Sunday, March 04, 2007

Flight to the Antipodes

Mariage du fils de Victorin avec Ishmichtriss.


Hermantin harangant les Mégapatagons


Les Hommes-serpens - 1781: Nicolas-Edme Restif frontpiece


Les Hommes-taureaux


Les Hommes-moutons


Les Hommes-oiseaus


Les Hommes-Ours


Utopia/Science-fiction prototype: engraving of Les Hommes-singes


Les Hommes-chiens


Les Hommes-cochons


Les Hommes-éléfans in Nicolas-Edme Rétif's 'australe par un homme-volant'


Les Hommes-grenouilles


Les Hommes-lions


Les Hommes-de-nuit


Les Hommes-ânes


Les Hommes-boucs


Les Hommes-castors


Les Hommes-cheveaux


engraving from Découverte Australe par un Homme Volant

At once both a proto-science fiction book and also a member of the utopia genre of literature, this exceedingly rare 4-volume work from 1781, 'Découverte Australe par un Homme Volant, ou Le Dédale Français' (Southern Discovery by a Flying Man, or The French Dedalus) is online at BNF (only the illustrations - I've posted all but 1 of them, I think).

The very prolific author and printer, Nicolas-Edmé Restif de la Bretonne (1734-1806), was something of an eccentric or even neurotic character who recorded his own libertine life in many of his works. These included the first real outline of shoe fetishism and a social commentary on prostitution among a diverse range of subject matter. His literary audacity led to his being branded "the Rousseau of the gutter" and "the Voltaire of the chambermaids." I get the feeling from the scant information around online that Restif was, to all intents, an agitator for social reform and his writings would be regarded as very tame today.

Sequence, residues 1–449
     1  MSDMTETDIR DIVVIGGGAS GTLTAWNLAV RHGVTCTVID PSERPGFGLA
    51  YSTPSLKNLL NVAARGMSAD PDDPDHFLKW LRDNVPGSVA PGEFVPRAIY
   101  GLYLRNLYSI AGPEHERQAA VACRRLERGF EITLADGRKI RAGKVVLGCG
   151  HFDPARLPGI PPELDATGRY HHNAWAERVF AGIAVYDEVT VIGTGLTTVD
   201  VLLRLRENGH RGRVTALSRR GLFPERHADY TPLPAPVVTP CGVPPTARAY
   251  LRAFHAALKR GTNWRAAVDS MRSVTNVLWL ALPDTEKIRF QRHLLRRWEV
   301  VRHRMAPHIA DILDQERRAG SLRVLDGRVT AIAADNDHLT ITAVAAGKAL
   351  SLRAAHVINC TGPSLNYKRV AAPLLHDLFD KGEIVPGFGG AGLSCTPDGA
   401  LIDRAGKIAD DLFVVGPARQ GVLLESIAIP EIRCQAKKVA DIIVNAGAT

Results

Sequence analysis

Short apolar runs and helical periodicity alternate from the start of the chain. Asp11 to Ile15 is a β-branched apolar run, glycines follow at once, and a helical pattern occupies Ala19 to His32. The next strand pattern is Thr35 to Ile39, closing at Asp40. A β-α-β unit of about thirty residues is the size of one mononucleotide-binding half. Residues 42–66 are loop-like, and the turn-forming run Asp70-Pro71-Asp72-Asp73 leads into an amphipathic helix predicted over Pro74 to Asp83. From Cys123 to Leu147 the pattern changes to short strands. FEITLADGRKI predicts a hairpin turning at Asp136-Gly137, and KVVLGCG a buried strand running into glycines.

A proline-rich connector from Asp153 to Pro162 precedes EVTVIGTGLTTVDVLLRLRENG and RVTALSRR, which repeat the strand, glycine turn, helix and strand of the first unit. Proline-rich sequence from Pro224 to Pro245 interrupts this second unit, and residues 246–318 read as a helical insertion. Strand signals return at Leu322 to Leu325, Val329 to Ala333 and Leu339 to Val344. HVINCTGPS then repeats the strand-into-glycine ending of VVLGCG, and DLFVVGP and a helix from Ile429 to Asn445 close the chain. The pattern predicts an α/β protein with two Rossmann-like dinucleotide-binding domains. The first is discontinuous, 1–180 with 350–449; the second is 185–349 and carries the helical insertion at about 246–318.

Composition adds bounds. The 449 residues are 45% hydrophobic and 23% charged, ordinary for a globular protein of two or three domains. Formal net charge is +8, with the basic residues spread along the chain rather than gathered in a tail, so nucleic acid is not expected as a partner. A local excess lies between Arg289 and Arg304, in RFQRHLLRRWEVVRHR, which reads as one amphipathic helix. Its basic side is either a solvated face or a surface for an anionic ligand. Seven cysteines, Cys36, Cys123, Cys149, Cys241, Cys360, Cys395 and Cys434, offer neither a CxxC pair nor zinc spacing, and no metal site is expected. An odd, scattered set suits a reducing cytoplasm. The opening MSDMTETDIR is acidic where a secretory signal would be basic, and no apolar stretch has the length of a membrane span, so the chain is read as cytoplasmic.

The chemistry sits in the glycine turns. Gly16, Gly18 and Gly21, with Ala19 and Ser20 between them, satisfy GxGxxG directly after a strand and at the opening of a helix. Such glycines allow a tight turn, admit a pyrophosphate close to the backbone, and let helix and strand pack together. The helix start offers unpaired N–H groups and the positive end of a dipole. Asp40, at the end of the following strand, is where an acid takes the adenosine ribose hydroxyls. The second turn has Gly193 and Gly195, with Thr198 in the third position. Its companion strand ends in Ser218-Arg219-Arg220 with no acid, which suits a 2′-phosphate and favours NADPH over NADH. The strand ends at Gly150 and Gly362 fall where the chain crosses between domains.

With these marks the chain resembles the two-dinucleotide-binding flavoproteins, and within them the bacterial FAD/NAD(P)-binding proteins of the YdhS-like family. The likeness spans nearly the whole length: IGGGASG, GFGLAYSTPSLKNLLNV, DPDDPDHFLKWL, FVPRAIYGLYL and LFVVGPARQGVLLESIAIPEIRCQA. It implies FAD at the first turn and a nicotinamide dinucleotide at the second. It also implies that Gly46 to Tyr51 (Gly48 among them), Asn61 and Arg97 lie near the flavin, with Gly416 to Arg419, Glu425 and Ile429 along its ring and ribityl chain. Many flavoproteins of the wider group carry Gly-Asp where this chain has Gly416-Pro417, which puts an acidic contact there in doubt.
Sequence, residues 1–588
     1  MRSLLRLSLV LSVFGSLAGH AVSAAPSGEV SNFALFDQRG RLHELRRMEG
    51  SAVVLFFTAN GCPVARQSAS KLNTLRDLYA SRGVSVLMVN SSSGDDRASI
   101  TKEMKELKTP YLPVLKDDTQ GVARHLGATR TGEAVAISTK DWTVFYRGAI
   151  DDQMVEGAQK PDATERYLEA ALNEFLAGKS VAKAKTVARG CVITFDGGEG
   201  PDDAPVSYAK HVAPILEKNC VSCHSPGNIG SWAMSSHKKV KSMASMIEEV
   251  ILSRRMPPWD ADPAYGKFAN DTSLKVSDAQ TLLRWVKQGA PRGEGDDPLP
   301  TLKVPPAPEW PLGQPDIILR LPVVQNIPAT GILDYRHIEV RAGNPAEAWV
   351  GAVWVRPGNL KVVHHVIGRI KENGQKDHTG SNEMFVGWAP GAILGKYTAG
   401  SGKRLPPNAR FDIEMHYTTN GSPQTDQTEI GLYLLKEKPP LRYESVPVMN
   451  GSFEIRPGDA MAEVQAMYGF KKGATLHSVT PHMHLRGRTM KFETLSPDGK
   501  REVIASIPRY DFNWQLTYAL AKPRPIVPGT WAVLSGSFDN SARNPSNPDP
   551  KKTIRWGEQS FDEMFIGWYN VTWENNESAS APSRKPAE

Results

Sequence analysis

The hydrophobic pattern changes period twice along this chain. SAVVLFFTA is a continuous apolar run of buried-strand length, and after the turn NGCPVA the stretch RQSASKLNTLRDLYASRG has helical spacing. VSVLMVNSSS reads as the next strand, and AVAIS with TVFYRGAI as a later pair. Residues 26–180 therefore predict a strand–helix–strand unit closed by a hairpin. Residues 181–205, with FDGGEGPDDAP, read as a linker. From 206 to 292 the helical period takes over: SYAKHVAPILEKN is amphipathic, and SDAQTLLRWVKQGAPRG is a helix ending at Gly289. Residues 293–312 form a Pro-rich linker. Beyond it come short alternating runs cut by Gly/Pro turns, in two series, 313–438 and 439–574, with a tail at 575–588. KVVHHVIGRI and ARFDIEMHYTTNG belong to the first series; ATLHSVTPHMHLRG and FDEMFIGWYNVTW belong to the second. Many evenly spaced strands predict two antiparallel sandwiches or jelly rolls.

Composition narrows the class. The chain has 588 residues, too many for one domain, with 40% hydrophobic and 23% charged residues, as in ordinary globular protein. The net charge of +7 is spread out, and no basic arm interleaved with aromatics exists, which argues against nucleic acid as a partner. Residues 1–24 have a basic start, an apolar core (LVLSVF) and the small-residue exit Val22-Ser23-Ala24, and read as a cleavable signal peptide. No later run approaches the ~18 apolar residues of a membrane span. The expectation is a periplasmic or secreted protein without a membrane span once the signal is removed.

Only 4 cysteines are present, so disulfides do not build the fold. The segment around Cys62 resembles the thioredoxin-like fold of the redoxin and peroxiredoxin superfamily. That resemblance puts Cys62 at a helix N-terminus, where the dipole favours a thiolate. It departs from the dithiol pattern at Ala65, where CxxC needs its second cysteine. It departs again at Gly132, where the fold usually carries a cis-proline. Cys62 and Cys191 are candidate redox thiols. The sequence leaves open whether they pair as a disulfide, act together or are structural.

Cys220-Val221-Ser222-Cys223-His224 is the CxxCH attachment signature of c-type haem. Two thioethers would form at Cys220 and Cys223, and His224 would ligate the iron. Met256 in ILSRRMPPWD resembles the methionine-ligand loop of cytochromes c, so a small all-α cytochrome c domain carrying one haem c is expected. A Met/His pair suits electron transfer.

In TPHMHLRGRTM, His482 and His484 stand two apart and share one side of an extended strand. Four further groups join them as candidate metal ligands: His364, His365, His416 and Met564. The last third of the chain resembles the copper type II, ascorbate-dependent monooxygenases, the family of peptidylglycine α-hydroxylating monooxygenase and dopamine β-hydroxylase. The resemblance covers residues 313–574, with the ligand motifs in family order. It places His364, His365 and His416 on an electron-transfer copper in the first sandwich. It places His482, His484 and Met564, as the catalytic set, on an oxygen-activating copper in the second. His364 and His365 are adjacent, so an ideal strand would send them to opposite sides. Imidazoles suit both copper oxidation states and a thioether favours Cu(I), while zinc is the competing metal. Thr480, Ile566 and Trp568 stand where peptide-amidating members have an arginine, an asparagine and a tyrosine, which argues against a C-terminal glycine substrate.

The protagonist in 'Découverte Australe par un Homme Volant', Victorin, apparently spends the first third of the book studying insects and designing wing models so that he can whisk his Christine away to a place where their love won't be forbidden.

"He locates an inaccessible mountain, stocks it with the basic necessities (plants, animals, servants), and finally swoops down and carries Christine off. (He seems to have neglected to tell her that he was planning to do this, but fortunately she proves sympathetic. They are married by a priest that he also had the foresight to fly off with.)"
Their journey takes them to the archipelago of Megapatagon which is on the opposite side of the world to France, halfway between Tierra del Fuego and Antarctica. So opposite in fact that in the utopian society our heroes found, the language is backwards french, clothes are topsy-turvy (the shoe fetish comes out in hats with shoe qualities...or so they say) and even the capital is Sirap. {I am guessing this allows Restif some satirical distance to comment on perceived deficiencies in his own world}

And obviously, from the point of view of the intriguing engravings above, Victorin and Christine encounter all manner of weird and wonderful 'humans': frogmen, sheepmen, hairymen, elephantmen, dogmen, birdmen, snakemen and other Swiftian imaginary types (mouseover images above for french captions).
  • There is no definitive source online to read in relation to this bizarre work. But these links contain snippets about the book: i, ii, iii, iv, v, vi, vii, viii and an excerpt (translation).
  • In relation to science fiction: a, b.